True believers 

Conceived in a dream of reason, what the Internet too often reveals is mass credulousness and fathomless irrationality. According to Salon's Alex Seitz-Wald, a video depicting the Newtown, Conn., elementary school massacre as a government-sponsored hoax has drawn 8.5 million views on YouTube.

No doubt many viewers were drawn by idle curiosity or sheer incredulity. What would "evidence" for so transparently preposterous an allegation consist of? Nevertheless, there appear to be thousands of True Believers.

Try Googling "Emilie Parker alive," to sample the crazy.

Adepts claim that a photograph of a young girl sitting in President Obama's lap reveals that 6-year-old Emilie Parker was not murdered along with 19 classmates at Sandy Hook elementary as reported. Supposedly, the photo reveals a telltale blunder.

In reality, the child in the photograph is Emilie's little sister, Madeline.

But why go on? There's plenty more in the same dogged, delusional vein. To anybody capable of imagining that staging the Sandy Hook tragedy would even be possible — requiring, as it would, the active cooperation of half the population of Connecticut — mere evidence and logic are beside the point.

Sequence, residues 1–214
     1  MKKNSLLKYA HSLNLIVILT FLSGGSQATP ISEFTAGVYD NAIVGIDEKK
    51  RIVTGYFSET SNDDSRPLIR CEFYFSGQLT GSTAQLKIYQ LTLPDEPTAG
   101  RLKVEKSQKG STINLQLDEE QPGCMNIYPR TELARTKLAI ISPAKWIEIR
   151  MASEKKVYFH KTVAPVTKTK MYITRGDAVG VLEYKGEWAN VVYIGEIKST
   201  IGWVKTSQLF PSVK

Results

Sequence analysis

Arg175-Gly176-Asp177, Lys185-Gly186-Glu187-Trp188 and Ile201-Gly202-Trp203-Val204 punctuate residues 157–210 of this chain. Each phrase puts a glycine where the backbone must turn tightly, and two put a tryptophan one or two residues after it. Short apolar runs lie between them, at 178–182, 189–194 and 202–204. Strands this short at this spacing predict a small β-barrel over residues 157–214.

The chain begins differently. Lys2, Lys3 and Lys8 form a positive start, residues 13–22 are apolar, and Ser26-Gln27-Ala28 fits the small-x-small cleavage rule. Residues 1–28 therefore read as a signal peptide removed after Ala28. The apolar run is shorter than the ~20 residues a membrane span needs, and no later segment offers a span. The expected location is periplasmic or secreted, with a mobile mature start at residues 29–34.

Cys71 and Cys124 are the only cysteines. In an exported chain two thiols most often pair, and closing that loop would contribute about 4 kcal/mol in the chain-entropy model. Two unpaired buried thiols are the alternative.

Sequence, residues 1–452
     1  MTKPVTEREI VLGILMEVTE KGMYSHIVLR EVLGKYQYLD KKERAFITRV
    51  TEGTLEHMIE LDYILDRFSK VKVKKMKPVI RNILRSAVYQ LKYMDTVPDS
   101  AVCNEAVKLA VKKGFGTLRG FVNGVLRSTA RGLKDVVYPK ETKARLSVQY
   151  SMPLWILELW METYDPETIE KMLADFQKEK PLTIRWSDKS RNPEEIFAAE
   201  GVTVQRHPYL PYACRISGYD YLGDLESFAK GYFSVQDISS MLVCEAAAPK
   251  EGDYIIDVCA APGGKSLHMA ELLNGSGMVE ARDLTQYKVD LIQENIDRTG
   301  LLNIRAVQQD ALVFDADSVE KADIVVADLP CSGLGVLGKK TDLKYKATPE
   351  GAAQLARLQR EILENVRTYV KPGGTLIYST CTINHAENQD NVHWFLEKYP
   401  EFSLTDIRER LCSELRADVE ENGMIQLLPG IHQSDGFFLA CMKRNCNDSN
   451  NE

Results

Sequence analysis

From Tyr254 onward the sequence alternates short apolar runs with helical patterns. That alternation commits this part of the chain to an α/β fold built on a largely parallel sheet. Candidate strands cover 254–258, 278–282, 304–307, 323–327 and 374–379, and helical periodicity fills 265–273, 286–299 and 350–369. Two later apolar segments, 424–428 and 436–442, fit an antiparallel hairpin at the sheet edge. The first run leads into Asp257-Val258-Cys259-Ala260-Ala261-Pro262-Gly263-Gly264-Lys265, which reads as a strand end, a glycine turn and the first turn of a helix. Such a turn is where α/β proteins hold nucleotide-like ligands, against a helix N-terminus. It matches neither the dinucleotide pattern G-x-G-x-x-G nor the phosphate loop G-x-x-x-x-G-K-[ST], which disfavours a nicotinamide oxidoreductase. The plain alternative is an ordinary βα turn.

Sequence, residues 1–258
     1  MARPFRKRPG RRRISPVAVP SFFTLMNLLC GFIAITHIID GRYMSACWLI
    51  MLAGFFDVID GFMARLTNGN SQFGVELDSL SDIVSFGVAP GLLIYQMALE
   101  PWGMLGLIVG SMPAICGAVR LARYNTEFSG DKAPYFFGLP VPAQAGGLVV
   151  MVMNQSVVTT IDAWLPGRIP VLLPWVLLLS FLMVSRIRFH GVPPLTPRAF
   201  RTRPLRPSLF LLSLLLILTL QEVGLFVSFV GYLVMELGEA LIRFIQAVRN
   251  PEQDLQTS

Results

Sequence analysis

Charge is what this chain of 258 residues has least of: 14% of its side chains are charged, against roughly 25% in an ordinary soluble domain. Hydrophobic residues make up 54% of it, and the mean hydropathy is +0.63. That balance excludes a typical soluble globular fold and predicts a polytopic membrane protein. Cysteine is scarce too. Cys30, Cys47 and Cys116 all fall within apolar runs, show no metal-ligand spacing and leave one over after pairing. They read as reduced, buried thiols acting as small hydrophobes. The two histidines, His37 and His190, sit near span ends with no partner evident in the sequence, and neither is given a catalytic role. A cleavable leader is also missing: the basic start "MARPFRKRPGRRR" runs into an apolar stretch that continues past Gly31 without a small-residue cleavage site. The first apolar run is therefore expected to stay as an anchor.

Maybe we shouldn't be surprised. Apart from religion, more Americans appear to be nuts on the subject of guns than all other topics. The National Rifle Association has raised and spent millions in recent years peddling scare stories about President Obama's secret plan to abolish the Second Amendment, confiscate everybody's deer rifles and set up a gun-free dictatorship.

Newtown conspiracy theories are only incrementally madder spinoffs of the NRA's master narrative. Yet its leaders are treated as VIPs in newsrooms and TV studios. Why?

To Believers, guns have become fetish objects in American popular culture, having magical potency. Witness Bushmaster Firearms' advertising its .223 caliber AR-15 — Newtown killer Adam Lanza's weapon — with the slogan: "Consider your Man Card reissued." Viagra ads are more subtle.